Sociology Academic Freedom - the Bertrand Russell case

Discussion in 'Sociology' started by amantine, Sep 3, 2004.

  1. amantine

    amantine Premium Member

    Previously posted at ATS in thread 76175.

    In this thread I'm going to write a bit about a case in American history where academic freedom was violated gravely. This thread is based on this text, although I have it in a book:

    How Bertrand Russell was prevented from teaching at the college of the city of New York (PDF)

    Bertrand Russell was one of the great philosophers of the 20th century. He had two sides: the mathematician dealing with logic and set theory and a popular author of essays about a large number of subjects. He got a Nobel Prize of literature for the latter. Bertrand Russell was an atheist and had a view of marriage and sex that is pretty normal today. Divorce should be possible with consent from both parties. Premarital sex was no problem for him, as long as it was done safely and no unwanted children were the result. Children should not be lied to about sex. He also thought the current idea about adultery should be rethought, because they were not promoting happiness.

    His views were respected and sometimes accepted in the academic world. However, the uneducated masses of 1940 didn't like his views. This got him into a lot of trouble.

    Russell was hired to become a teacher of the philosophy of mathematics at the college of the city of New York. He taught the following classes
    • Philosophy 13: A study of modern concepts of logic and of its relation to science, mathematics, and philosophy.
    • Philosophy 24B: A study of the problems in the foundations of mathematics.
    • Philosophy 27: The relations of pure to applied sciences and the reciprocal
      influence of metaphysics and scientific theories.

    And so the attacks on Russell started. This one is pretty polite. He was called a 'dog', a 'bum', a 'communist' and a 'fascist' later on. Some people didn't like his views and misrepresented his views to the general public. He was said to promote adultery, rape, public nudity and homosexualism. Anyone that has read his work knows this is not true. But even if it was so, he was not teaching those opinions. He was teaching the philosophy of mathematics.

    Because the board of education stood by its decision, his opponents went the court. Both the board and Russell were not allowed to defend themselves. The judge McGeehan decided that Russell was to be fired from the college and that the board members that stood by him were to be replaced by more moral people. The decision was not legal and misrepresented Russell's views. You can read the entire text of the court decision in the PDF file.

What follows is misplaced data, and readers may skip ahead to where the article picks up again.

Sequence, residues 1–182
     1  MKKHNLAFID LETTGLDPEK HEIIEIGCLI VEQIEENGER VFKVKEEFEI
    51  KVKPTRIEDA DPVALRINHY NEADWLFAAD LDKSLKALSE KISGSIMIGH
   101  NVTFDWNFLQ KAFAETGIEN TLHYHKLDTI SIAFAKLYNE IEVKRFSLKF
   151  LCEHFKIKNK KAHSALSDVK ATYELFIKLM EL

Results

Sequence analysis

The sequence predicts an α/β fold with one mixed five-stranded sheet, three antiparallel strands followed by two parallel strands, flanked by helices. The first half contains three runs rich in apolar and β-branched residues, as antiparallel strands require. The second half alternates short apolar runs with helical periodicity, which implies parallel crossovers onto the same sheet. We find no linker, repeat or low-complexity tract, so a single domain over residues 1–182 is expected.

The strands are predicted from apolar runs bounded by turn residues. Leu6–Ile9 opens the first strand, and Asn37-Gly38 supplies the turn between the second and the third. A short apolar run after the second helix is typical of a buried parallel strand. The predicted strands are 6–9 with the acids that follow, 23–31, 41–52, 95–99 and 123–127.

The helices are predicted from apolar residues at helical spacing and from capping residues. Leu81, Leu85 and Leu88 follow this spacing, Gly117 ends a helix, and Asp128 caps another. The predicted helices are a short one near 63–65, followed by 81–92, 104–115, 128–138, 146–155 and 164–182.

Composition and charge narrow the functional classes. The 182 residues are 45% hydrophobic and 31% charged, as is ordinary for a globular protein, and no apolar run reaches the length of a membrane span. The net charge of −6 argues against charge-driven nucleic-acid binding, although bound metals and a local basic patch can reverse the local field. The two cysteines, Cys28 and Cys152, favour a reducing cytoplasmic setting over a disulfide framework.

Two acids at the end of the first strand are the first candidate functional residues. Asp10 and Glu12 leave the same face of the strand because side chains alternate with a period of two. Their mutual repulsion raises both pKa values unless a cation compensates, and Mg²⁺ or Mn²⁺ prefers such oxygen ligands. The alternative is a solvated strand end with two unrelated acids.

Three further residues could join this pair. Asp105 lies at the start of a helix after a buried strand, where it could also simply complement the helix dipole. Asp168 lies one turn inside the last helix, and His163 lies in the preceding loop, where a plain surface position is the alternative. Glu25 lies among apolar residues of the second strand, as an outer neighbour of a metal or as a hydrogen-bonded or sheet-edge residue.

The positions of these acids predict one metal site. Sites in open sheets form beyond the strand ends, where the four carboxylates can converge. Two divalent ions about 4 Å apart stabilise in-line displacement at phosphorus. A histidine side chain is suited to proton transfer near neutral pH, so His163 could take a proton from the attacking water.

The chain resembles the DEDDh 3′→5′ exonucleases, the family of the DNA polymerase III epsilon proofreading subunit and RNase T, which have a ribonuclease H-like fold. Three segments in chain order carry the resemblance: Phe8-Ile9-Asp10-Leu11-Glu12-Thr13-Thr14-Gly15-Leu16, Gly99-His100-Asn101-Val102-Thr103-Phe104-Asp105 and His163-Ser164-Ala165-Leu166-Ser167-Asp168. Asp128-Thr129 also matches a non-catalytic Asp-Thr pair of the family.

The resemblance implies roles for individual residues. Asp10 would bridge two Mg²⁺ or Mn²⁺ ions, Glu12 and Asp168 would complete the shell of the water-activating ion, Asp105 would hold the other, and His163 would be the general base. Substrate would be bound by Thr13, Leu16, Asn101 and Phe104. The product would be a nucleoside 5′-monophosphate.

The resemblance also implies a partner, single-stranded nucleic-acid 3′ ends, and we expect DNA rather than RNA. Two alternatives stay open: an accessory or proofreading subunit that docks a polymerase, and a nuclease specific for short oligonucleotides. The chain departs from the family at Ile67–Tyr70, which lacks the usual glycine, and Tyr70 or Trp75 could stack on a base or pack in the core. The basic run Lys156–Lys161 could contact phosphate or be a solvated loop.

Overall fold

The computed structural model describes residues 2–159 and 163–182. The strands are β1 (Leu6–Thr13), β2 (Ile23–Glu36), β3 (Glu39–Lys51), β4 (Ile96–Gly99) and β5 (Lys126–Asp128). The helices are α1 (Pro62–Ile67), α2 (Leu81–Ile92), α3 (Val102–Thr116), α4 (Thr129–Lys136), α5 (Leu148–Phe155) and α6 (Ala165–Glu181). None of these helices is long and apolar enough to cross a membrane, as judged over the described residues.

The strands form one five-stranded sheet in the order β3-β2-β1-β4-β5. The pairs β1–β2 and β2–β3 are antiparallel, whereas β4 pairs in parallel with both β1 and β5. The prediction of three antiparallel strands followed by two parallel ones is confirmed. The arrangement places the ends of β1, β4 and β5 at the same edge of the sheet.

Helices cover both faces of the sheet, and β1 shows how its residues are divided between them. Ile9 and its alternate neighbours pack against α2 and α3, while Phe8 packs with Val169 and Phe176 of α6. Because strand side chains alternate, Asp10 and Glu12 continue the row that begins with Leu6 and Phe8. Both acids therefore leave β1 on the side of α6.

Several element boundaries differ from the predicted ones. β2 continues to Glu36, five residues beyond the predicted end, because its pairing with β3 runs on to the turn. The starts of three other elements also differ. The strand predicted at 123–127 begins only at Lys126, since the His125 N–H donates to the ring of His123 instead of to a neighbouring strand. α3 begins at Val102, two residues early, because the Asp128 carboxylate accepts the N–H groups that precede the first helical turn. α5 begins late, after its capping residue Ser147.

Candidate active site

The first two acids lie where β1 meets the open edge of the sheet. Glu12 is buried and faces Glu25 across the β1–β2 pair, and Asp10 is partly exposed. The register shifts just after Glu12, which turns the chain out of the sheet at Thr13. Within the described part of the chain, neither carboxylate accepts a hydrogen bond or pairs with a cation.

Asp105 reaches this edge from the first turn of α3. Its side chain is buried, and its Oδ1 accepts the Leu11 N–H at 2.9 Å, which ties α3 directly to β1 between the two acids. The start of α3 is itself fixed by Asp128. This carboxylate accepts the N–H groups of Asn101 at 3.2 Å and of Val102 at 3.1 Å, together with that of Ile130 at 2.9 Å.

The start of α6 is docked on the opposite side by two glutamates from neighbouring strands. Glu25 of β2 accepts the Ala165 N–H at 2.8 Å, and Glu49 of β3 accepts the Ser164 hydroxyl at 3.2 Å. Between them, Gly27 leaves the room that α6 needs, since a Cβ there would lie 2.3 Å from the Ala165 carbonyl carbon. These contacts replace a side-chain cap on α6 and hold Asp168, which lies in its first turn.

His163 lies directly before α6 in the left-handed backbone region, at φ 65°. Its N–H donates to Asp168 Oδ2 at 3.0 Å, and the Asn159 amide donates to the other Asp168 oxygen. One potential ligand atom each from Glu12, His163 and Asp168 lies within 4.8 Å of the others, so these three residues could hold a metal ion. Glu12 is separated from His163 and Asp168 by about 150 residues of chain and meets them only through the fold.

The academic world was outraged and from this outrage comes for example Einstein's famous text:

    All attempts to reverse the decision were stopped by judge McGeehan and the mayor of New York. Russell was fired and the board members replaced. His courses were scrapped from the lesson program and he was forbidden to ever teach at the college again:

    This case shows what can happen when academic freedom is violated. People with different opinions are stopped from teaching, just because the majority doesn't like the way it thinks the person's opinions are. Progress comes from discussion and a conflict between different opinions, not by suppressing them. But this was exactly what happened. Let this case be a warning for the future, especially at the moment when politics become more and more involved in education. Let this be a warning.
  2. Cinderloft

    Cinderloft Premium Member

    Have you ever heard of Henry Makow, Ph.D? He is the creator of the board game Scruples. He maintains a website: (He is Canadian.)

    Henry had a similar problem at the University of Winnipeg, where he was forced out due to his teaching about family issues and feminism.

    Quite an interesting site and read.

  3. Bleys

    Bleys Phoenix Takes Flight Staff Member

    Outstanding post there amantine!

    I'm trying to picture how the ideas Russell promoted would have played to students of the 40s - shock and disgust OR genuine interest. And what a current academic taboo would be today.

    I think it would have to be "independent thought." I don't think I have attended a class in years where my opinions or my judgement weren't called into question, ridiculed or punished. It seems that the university experience is no longer a place to grow, learn and question - but more of a this is the way it is, now move on.

    I think I would have enjoyed Russell's class - it's too bad there are not more academics like him today.
  4. Waxy cheesecake

    Waxy cheesecake Premium Member

    :lol::lol::lol::lol:Because, adultery doesn't promote happiness.:lol::lol::lol::lol:
    Even if I don't agree with his opinions, he shouldn't have been shunned from teaching espically when he wasn't teaching about his papers.

    [Edited on 28-11-2004 by Waxy cheesecake]
  5. SubVolitional

    SubVolitional Member

    Very interesting, Amantine, and though it is a very unfortunate I am not surprised how vehemently the masses will cling to preconcieved morals and accepted values as well as the extensive network in place to ensure the perpetuation of said behavioral models as well the never-ending debate on its deviances.....ever listen to George Bush talk....too many connotative words like "evil" and "mass destruction"...maybe a topic better suited for ATS